House seller as a lender
Houses these days are often sold to a buyer with a small down payment, a large bank loan, and an IOU for the difference. To sell a house the seller is willing to accept part of the purchase price in the form of a promise to pay. In theory, there is no legal requirement that a ''deed of trust'' be used. A personal IOU does the job.
In this case, the seller is actually a lender as well, lending part of the purchase price to the buyer. A deed of trust, rather than an IOU, protects the seller the same way the lending institution is protected.
It is worthwhile to see just how it works.
The buyer, the person borrowing money from an institution and from the seller , is known as the ''trustor.'' The lender to whom the monthly payments will flow is called the beneficiary of the trust deed, because it is the lender who will receive the cash benefits.
The actual deed of trust is held by a neutral third party, known as the trustee.
When the deal is signed, the trustee is given legal title to the property. Then when the sums have been repaid, the trustee grants legal title to the trustor. This is known as a reconveyance, because the title that was conveyed to the trustee originally has been relinquished, or reconveyed, to the trustor.
If the trustor does not make the payments as promised, the role of the trustee is somewhat different.
The trustee, after providing the required notices to the trustor and to the general public, can sell the title to the property to the higher bidder at public auction, known as a ''trustee's sale.''
This is different from a mortgage. Default on a trust deed can result in a trustee's sale within about four months of the first missed payment and without a court proceeding.
Foreclosure of a mortgage, by contrast, can take up to a year, requires a court proceeding, and has yet another disadvantage. The trustor's right to make good on the defaulted payments and interest and costs ceases to exist after a trustee's sale, but a delinquent mortgage, on the other hand, can be reinstated by making up the late payments up to a year after the foreclosure sale.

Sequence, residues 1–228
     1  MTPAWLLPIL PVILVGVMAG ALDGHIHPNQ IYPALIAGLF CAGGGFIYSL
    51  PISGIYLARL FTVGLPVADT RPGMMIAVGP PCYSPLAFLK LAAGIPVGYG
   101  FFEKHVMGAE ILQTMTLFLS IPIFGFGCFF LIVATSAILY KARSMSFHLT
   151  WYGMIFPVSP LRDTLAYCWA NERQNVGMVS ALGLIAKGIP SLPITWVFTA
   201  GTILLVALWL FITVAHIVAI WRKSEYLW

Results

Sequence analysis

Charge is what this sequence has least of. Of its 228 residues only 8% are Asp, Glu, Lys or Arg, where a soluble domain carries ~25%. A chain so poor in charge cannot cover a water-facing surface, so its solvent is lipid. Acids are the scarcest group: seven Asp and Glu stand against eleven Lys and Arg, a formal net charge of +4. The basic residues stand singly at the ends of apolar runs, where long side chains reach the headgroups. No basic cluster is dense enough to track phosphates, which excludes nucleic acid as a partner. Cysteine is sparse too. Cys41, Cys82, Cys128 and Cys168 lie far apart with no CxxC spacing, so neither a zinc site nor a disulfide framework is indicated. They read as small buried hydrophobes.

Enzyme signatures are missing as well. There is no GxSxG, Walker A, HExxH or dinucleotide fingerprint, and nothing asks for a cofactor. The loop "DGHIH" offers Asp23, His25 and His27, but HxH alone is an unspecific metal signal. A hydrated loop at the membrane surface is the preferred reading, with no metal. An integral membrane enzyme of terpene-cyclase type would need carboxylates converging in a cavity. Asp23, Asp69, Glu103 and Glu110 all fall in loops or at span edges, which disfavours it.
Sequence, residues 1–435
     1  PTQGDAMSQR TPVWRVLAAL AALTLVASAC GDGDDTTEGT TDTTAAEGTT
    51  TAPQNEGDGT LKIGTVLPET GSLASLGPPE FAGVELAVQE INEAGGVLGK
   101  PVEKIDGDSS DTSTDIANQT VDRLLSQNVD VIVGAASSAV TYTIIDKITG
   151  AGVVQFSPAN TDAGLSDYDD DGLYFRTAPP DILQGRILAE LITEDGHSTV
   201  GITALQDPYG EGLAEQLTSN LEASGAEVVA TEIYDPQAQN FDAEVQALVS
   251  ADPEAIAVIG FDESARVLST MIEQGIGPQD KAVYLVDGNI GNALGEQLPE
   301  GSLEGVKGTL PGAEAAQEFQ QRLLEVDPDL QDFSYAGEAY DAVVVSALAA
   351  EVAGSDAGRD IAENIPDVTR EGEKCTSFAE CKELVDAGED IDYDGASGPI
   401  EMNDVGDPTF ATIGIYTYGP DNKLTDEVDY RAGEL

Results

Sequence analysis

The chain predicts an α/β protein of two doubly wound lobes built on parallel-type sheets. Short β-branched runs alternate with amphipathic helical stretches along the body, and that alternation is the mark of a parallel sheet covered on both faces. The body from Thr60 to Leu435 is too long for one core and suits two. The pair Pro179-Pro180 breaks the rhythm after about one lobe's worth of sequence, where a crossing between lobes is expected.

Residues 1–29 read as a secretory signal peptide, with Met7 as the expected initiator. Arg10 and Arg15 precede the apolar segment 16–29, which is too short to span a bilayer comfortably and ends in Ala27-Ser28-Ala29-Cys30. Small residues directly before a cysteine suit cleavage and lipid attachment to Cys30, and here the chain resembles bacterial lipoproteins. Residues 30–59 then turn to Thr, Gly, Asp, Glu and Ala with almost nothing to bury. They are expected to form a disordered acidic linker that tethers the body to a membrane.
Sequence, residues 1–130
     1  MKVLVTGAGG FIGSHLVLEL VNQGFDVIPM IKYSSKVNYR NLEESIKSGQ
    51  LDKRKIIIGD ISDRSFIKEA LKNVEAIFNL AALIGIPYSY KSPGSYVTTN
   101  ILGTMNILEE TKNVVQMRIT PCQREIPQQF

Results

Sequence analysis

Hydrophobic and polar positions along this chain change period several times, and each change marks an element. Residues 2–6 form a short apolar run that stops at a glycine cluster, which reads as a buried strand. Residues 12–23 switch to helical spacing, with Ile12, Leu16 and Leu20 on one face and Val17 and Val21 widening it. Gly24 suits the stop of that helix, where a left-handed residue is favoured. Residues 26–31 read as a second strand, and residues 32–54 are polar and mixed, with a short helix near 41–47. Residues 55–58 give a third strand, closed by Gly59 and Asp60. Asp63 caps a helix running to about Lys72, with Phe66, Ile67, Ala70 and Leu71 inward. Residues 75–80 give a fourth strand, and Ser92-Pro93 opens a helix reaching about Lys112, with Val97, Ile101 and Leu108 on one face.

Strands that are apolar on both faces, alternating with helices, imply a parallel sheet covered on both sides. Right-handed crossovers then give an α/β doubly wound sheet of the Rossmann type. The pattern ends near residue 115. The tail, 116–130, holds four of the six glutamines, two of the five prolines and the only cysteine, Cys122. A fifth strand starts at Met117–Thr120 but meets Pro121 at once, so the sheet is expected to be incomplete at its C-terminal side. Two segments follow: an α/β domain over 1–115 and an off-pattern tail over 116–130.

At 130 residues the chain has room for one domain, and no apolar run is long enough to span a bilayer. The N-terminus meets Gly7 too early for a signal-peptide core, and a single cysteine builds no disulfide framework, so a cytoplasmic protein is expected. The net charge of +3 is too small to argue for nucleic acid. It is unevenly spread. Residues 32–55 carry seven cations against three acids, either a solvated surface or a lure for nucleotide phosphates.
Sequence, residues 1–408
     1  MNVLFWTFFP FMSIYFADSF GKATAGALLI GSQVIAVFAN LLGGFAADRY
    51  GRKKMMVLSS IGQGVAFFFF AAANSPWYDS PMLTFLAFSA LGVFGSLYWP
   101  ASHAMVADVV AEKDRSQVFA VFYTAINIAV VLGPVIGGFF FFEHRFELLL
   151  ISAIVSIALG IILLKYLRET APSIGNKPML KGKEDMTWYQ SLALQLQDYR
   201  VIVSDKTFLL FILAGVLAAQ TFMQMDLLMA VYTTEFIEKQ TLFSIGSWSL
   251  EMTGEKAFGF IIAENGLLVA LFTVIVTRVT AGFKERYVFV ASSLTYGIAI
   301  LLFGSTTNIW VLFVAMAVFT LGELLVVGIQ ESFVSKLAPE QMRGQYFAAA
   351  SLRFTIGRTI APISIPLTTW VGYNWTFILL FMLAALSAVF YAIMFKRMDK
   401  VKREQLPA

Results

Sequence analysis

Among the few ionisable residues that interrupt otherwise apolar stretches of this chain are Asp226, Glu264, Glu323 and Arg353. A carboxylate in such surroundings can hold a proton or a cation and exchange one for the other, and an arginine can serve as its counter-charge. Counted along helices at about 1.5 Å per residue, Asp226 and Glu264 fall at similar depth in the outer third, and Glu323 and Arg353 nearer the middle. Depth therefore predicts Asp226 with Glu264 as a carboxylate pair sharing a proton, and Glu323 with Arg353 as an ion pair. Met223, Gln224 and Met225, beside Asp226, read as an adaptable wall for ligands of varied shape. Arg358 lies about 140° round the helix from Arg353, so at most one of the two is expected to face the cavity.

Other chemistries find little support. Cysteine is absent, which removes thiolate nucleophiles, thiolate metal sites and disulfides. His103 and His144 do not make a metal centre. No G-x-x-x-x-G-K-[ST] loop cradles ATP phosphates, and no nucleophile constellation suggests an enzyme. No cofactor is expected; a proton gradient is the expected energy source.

Default on a deed of trust also can occur, even if the payments are kept current, if the trustor fails to keep the property in good condition as agreed, fails to maintain hazard insurance as agreed, and if the property taxes and other liens are unpaid.
Usually, the beneficiary can assume possession of the defaulted property and collect any rents obtainable during the default period.
Despite these provisions, nobody seriously wants foreclosure on trust deeds. From four to six months of interest are almost automatically lost as the wheels of justice grind on.
Evictions are generally unfriendly proceedings. The trustor in default may become destructive. And, while anyone may bid at a trustee's sale, few people usually do - and the trustee rarely does. Thus, the beneficiary, in protecting his interest, may become the high bidder and have a vacant house to sell, during which time no interest income is realized.
The note that accompanies the trust deed is a negotiable instrument. The trust deed usually shows the face amount, but none of the repayment provisions.
The note can be sold, usually at a discount, or it can be used as collateral for a loan.
If used as collateral, it is a way to realize cash now from a note without having to discount it substantially. Depending on the spread between market interest rates and the rate of the note, up to 60 or 70 percent of the face value of the note can be borrowed from institutional and private lenders.
If sold at a discount, the term of the note, the interest rate, the seasoning of the obligation - that is, how long has the trustor been making payments? - and the quality and marketability of the underlying property all bear on how much of a discount will be required.
Local newspapers usually have a number of advertisements from people who claim to have more ready cash than they know what to do with. Be sure to compare the terms of offers from several of these loan brokers before selling your note at a substantial discount.
Theirs is a risky business, because sellers of notes are already posturing that they want cash instead of the note. The rate of return expected by the brokers reflects the degree of risk they see.
A nine-year note secured by desert property with a 10 percent interest rate may be discounted 50 percent or more in the marketplace. Consider using the note as collateral for a loan if the discount is, or appears to be, excessive.
There are intricate tables in rate books, while ''realty computers'' help to figure the yield of discounted notes, assuming you are interested in buying instead of selling.
Be sure to inspect the underlying security for the note before buying. This practice would minimize some of the fraud that has crept into the second-mortgage game recently. Consider obtaining title insurance if the note is substantial. Be aware of fraud possibilities. Consult your attorney or learn the ropes yourself.
Buying and selling trust deed-secured notes is not a field for neophytes.